In light of Mississippi's new found progressiveness, perhaps we should take this opportunity to look at our state of affairs and see where we stand.

Something to think about. Folks, congratulations are in order to the state of Mississippi who very recently (February 2013) finally, officially ratified the Thirteenth Amendment to the U.S. Constitution--thus becoming the last state in our union to do so. With Mississippi becoming more progressive, it may appear that the good folks of Mississippi are tired of their status as one of the bottomfeeders. They may be ready to move up the food chain. FYI, the Thirteenth Amendment reads as follows:

Section 1. Neither slavery nor involuntary servitude, except as a punishment for crime whereof the party shall have been duly convicted, shall exist within the United States, or any place subject to their jurisdiction.

Section 2. Congress shall have power to enforce this article by appropriate legislation.

In light of Mississippi's new found progressiveness, perhaps we should take this opportunity to look at our state of affairs and see where we stand. As you no doubt know, the election results in Arkansas (November 2012) brought a sea change to the states political landscape. After one hundred and thirty eight years, both houses of the Arkansas legislature are now under Republican control. Additionally, all of our representatives in Congress are Republican with the exception of Senator Mark Pryor. After one hundred and thirty eight years in the wilderness one would think that they would have, if they ever believed their own mantra, a comprehensive plan for implementing the following: (1) less government; (2) expanded free enterprise; (3) increased fiscal responsibility; (4) more individual freedom; (5) less intrusiveness in everyone's lives; (6) reform of government ethics; and (7) more sunshine and openness in government.

As a group, Republicans have been beating other folks over-the-head for years on most of these issues and in many instances they should be applauded—if one practices what one preaches.

Let's now see how our Ledge is doing early on. The first item above " (1) less government " should be easy stuff for my Republican friends. I must admit, I was quite surprised when one of their very, very first efforts (after one hundred and thirty years) was to pass a bill that allowed concealed guns in church. I had no earthly idea that concealed packing in church was on the Ledge's fast-track agenda but hopefully the church folks will be able to keep the guns holstered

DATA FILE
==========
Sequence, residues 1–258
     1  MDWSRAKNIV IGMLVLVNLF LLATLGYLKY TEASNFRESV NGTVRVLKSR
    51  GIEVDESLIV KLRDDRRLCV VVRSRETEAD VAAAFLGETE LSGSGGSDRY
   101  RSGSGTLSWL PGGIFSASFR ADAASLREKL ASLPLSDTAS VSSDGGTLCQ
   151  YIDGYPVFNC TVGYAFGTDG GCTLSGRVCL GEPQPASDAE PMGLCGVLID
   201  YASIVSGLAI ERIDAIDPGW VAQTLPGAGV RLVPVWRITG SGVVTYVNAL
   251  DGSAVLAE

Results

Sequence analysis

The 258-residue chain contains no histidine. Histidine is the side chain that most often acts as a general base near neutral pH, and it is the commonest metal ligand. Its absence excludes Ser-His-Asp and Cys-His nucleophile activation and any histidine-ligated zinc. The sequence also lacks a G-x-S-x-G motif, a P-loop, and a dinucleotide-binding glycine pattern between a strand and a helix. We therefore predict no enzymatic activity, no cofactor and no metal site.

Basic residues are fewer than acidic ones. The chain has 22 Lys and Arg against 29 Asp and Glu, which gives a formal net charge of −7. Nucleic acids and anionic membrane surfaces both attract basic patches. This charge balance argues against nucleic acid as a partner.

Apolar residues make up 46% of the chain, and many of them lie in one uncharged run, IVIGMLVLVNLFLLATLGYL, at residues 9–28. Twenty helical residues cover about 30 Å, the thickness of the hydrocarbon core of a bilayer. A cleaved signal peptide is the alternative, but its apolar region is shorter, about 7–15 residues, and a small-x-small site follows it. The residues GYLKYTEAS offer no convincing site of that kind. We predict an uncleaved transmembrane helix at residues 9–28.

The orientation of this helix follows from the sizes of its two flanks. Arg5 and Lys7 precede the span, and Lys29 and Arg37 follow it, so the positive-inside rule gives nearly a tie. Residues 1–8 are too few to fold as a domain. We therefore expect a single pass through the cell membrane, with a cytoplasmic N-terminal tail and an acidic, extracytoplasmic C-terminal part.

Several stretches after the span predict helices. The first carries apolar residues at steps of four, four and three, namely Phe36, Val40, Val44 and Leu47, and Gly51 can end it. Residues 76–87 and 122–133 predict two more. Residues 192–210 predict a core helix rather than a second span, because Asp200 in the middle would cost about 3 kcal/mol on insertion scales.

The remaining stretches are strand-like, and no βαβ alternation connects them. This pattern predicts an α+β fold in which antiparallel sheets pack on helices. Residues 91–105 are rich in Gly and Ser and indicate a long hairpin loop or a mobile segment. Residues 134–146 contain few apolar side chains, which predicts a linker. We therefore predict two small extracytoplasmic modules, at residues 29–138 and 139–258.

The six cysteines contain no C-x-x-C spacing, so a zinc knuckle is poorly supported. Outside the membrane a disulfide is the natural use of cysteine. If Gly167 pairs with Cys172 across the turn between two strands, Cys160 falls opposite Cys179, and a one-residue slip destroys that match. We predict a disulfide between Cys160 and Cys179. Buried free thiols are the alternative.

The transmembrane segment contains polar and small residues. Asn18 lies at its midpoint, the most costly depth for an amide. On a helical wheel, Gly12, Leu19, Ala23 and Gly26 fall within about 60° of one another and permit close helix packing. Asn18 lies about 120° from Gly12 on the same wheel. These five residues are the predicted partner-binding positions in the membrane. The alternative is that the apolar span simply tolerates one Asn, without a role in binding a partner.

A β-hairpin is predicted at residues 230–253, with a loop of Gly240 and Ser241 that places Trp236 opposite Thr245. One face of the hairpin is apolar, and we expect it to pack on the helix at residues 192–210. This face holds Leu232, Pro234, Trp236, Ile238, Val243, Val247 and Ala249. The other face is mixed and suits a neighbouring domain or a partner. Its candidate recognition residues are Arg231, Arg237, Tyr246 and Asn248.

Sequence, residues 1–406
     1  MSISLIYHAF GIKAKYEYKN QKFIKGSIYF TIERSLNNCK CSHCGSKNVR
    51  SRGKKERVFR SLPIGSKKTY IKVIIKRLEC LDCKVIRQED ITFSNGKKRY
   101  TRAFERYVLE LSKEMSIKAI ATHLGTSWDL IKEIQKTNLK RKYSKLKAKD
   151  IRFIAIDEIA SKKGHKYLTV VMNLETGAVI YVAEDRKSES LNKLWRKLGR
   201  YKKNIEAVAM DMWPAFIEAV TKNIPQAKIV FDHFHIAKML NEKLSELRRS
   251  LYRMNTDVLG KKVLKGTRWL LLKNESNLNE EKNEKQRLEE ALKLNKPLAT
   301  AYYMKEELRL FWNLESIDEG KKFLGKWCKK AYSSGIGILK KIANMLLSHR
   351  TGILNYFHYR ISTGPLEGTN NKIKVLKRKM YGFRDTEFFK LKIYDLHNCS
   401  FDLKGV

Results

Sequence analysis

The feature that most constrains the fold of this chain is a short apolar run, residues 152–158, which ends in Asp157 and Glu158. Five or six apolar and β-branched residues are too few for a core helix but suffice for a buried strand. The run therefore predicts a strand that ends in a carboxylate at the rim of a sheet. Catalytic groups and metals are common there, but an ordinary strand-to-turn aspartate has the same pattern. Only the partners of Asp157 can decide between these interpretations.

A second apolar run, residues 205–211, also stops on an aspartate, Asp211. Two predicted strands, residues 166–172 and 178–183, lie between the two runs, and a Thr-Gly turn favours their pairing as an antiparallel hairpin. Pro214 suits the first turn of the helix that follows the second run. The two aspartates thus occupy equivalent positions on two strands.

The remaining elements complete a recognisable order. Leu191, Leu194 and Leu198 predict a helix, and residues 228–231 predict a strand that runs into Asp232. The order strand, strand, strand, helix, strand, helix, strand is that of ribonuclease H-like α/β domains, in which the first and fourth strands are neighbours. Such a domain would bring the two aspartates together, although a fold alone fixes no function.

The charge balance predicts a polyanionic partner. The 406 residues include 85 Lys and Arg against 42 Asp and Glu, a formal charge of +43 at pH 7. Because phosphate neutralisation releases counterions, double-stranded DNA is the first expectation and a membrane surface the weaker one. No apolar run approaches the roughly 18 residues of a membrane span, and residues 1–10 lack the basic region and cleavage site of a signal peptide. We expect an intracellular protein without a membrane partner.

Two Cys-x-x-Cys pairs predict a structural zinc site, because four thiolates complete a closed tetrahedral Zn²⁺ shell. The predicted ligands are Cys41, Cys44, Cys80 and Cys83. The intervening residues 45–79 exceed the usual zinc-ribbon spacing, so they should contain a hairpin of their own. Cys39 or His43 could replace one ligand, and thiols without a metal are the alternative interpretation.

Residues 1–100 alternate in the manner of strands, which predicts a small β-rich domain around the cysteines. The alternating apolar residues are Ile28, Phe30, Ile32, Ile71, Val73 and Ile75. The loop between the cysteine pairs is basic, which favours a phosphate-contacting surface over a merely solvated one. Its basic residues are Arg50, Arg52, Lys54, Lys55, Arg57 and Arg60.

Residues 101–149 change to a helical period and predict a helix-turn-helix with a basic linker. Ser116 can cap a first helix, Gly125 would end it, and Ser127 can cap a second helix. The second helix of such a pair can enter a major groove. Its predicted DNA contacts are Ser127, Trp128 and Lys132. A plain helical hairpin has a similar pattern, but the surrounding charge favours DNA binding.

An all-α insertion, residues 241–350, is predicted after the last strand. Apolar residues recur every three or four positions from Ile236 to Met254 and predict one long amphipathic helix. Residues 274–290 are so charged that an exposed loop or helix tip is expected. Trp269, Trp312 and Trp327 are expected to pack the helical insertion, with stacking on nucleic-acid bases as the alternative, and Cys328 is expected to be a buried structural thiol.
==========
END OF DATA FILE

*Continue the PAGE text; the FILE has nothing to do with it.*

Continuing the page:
Of equal and perhaps greater importance in the Ledge's effort to install "(1) less government" was to dictate to Arkansas women what they can and can't do with their own bodies. Early on in the lawmakers discussions several ideas were floated concerning how to verify exactly where in the pregnancy timeline one was. Among these ideas was the use of wand like vaginal probes and/or abdominal ultrasounds.

Another vote for "(1) less government" would be the law just enacted that bars coverage for most abortions on the state's health insurance exchange or maybe a new law concerning voter ID badges.

Moving on to number 2 on my list "(2) expanded free enterprise"—the Koch Bros Big River Steel LLC indicate that they want to build a 1.1 billion dollar steel mill near Osceola. The advertised number of employees is 525 with an average pay (salary and bonus) of $75,000. Of course this "(2) expanded free enterprise" venture needs to be backed by Arkansas taxpayers to the tune of 125 million dollars in bonds. Additionally, the Arkansas Teacher Retirement System will also be requested to invest 60 million dollars to the project. It's hard for me to believe that the Koch Bros would be involved in accepting some union money. It was just a short time ago when President Obama suggested that free enterprise included not just the entrepreneur, but the folks who went before us who built the bridges, the roads, the tunnels, the railroads, the financial system etc. etc. For his trouble, the Republican landed on the President with both feet—the rapid conclusion by them was that he was anti-business.

I think we all need to take a very deep breath to help embrace and admit the reality that the vast majority of business is in some way a cooperative effort.

Draw your own conclusions.

Now that the tax season is upon us, I thought that you might enjoy reading this item from just prior to paying your federal and state income taxes. "Facebook's first annual earnings report showed $1.1 billion in pretax profits, but the social networking firm will likely pay zero federal and state taxes. Instead, thanks to some clever bookkeeping, the company is expected to receive a $429 million tax refund."